Oil Analysis For RV Enthusiasts
by Jason Rainey, Apex Oil Lab
The main component that most people will want to test is gas and diesel engine oil. Hydraulic and gear oil can also be tested but, with the limited use of gear and hydraulic oil, that is probably not necessary.
Any time an oil discussion is initiated on any kind of a forum, it becomes a heated debate with a lot of opinions based on oil company marketing, past history, and a failure not related to oil type but pure neglect, just to name a few.
Most quality oil on the market place that has the API Service Symbol and the correct viscosity will be fine in most daily applications. The API Symbol “Donut” is divided into three parts
The top half describes the oil’s performance level
The center identifies the oil’s viscosity
The bottom half tells whether the oil has demonstrated energy-conserving properties in a standard test in comparison to a reference oil
Another designation for oil quality is the ILSAC Specification. ILSAC (International Standardization and Approval Committee)
Current Gasoline Engine Specification is ILSAC GF-5
ILSAC GF-6 is coming soon
Some of the oils in the market barely meet the specification and others far exceed the current specification. Which one are you buying?
Should everyone do oil analysis?
No, not everyone will need to have their oil analyzed. If you have a late model gasoline engine and using a quality motor oil and changing your oil as indicated in the manual you should not need to do an oil analysis. If you are trying to get extended drains and running past the manufacturers recommended oil change then you should to get a baseline on the state of the oil when you exceed the recommended drain interval. Remember that you also have an oil filter that is filtering the oil and may need to be changed no matter how many miles or hours you run the oil. Your filter may not make it as long as the oil if you’re in dirty dusty conditions.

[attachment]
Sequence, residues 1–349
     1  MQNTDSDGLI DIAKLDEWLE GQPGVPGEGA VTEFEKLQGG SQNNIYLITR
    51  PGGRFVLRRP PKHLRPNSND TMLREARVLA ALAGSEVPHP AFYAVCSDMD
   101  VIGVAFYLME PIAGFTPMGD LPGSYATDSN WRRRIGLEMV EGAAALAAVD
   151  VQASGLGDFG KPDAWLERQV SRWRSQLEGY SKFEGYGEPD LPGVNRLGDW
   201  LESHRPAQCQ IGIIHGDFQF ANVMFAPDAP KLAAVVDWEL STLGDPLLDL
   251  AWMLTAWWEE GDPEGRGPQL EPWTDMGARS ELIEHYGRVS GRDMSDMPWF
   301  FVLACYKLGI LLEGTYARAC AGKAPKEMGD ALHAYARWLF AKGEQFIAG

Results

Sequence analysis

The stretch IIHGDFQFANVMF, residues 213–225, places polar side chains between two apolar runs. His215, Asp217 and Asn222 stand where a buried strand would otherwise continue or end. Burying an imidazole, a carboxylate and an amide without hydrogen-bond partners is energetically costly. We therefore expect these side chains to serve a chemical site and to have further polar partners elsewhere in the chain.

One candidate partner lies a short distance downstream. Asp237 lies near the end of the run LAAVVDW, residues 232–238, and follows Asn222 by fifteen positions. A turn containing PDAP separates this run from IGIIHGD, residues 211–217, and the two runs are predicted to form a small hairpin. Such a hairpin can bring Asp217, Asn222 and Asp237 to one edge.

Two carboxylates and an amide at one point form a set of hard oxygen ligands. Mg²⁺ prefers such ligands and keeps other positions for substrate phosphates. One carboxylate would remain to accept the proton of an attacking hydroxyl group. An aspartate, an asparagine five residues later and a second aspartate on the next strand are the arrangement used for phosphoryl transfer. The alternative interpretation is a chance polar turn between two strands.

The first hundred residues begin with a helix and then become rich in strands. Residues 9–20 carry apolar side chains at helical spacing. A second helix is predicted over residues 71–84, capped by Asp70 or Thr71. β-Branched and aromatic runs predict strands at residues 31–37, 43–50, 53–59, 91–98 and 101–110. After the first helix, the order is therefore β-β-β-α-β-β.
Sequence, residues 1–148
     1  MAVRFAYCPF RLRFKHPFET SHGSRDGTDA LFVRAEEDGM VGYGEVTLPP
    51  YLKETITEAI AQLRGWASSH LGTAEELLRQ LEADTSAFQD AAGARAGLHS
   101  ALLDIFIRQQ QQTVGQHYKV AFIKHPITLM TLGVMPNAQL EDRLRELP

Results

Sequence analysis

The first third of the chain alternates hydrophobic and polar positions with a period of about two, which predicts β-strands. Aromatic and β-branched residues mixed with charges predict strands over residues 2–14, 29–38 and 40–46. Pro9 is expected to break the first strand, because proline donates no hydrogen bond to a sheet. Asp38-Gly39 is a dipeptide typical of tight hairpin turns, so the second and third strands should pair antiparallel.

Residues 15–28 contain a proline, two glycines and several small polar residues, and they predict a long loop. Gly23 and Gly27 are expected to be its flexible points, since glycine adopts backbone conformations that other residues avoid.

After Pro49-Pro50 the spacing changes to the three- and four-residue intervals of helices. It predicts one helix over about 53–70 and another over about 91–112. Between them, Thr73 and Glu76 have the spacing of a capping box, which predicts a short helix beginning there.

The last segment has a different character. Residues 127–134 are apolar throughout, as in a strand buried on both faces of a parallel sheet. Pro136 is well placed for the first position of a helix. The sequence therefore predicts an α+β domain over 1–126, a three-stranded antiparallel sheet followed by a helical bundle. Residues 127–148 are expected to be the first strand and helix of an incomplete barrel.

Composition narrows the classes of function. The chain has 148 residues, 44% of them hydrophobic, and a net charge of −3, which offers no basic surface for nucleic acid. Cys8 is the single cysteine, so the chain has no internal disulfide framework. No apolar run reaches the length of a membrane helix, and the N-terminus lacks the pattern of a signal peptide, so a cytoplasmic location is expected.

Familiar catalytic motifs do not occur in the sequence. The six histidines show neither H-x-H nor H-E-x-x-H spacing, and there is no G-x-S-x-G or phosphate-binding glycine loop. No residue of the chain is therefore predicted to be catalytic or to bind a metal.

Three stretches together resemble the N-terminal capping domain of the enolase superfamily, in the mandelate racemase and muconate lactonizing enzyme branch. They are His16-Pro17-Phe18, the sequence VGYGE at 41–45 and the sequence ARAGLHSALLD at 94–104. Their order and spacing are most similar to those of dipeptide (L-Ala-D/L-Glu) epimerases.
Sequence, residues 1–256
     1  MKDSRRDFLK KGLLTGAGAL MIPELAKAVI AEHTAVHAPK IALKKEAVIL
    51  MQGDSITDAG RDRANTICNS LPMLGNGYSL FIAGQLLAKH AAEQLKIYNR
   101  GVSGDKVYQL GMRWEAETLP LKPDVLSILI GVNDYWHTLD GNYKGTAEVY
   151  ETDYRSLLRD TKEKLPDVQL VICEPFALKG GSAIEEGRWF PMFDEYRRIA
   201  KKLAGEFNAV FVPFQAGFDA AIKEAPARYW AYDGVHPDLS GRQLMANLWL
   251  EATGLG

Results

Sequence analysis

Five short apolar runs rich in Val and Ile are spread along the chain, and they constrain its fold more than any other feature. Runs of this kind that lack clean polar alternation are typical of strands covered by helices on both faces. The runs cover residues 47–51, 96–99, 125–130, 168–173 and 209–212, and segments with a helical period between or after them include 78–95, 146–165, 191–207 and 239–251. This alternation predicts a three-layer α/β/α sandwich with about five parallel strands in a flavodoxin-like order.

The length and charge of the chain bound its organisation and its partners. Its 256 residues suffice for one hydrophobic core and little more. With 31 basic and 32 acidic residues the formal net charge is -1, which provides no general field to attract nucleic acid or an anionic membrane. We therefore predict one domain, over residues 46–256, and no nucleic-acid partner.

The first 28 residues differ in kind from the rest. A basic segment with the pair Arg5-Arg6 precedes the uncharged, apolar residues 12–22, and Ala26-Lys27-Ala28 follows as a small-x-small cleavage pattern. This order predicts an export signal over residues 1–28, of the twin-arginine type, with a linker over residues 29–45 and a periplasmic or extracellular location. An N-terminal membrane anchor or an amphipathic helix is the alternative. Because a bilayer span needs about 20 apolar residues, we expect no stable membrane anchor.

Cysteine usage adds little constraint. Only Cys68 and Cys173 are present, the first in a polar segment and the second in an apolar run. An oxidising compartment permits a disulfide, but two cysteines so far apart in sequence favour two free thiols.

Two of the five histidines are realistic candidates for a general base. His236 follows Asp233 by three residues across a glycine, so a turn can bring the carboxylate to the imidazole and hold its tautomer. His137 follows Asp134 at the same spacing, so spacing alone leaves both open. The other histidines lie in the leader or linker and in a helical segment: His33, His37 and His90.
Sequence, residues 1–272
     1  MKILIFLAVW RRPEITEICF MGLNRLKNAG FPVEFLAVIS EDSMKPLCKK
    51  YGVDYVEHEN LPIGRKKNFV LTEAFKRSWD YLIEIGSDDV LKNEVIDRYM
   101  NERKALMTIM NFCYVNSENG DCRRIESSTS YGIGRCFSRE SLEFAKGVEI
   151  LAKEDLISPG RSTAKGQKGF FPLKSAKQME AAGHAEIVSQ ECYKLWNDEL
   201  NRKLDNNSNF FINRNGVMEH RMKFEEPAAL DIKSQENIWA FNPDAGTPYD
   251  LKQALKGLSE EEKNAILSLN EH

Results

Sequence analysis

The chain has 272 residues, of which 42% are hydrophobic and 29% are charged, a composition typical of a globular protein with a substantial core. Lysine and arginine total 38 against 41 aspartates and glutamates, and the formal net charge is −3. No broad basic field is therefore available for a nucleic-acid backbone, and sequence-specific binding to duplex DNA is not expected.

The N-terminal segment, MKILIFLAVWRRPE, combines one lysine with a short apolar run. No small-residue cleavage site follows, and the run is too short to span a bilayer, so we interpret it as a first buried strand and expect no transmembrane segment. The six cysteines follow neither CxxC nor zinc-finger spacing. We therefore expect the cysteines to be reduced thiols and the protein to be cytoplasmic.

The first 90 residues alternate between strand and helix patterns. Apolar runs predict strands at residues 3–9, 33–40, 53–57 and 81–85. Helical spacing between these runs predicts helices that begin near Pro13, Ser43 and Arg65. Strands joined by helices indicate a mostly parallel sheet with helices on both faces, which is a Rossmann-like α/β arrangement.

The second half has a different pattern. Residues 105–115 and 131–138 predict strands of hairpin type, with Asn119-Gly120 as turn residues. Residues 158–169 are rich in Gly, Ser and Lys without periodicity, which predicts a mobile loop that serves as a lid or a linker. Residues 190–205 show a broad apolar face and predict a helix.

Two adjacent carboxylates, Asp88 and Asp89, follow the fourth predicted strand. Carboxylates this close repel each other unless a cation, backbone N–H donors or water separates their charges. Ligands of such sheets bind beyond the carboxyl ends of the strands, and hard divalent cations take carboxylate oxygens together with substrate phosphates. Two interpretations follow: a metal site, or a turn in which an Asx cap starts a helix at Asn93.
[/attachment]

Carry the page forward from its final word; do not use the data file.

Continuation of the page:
Who should have oil analysis done?
New modern diesels with the emission after treatment have many new challenges that older diesels didn’t have. A lot of the newer diesels in pickups and RV’s will have fuel dilution issues. Fuel dilution reduces the viscosity of your oil, increases volatility, weakens lubricant detergency, causes corrosion and other issues. Soot is another item typically cause by reduced combustion efficiency. Soot will increase engine wear especially in engines using EGR technology. TBN (Total Base Number) is another diesel engine oil indicator. The TBM typically starts out between 9.5 and 10.5 on the newer CJ-4 oil. TBN is a measurement of the oils ability to neutralize acid. Oil should be changed when TBN drops to 50-65% which is a helpful indicator on when to change the oil among other telltale signs.
Other items oil analysis looks for is contaminants, coolant, nitration, oxidation, sulfation, wear metals.
It is important to keep in mind that manufacturers' recommendations are a pre-set average. Your engine, the burden you put on your engine, and the driving and environmental conditions make your situation unique. Once you have performed a couple of back-to-back oil analyses and collected the trending data, you can determine the right time for an oil change. This may or may not be the same interval recommended by the manufacturer. The goal of oil analysis is to effectively and efficiently maximize oil and machine life. By implementing a proper management (e.g. replacing oil filters) and preventative maintenance schedule, you can improve your equipment’s reliability and longevity, while minimizing costs and unexpected failures.
Apex Oil Lab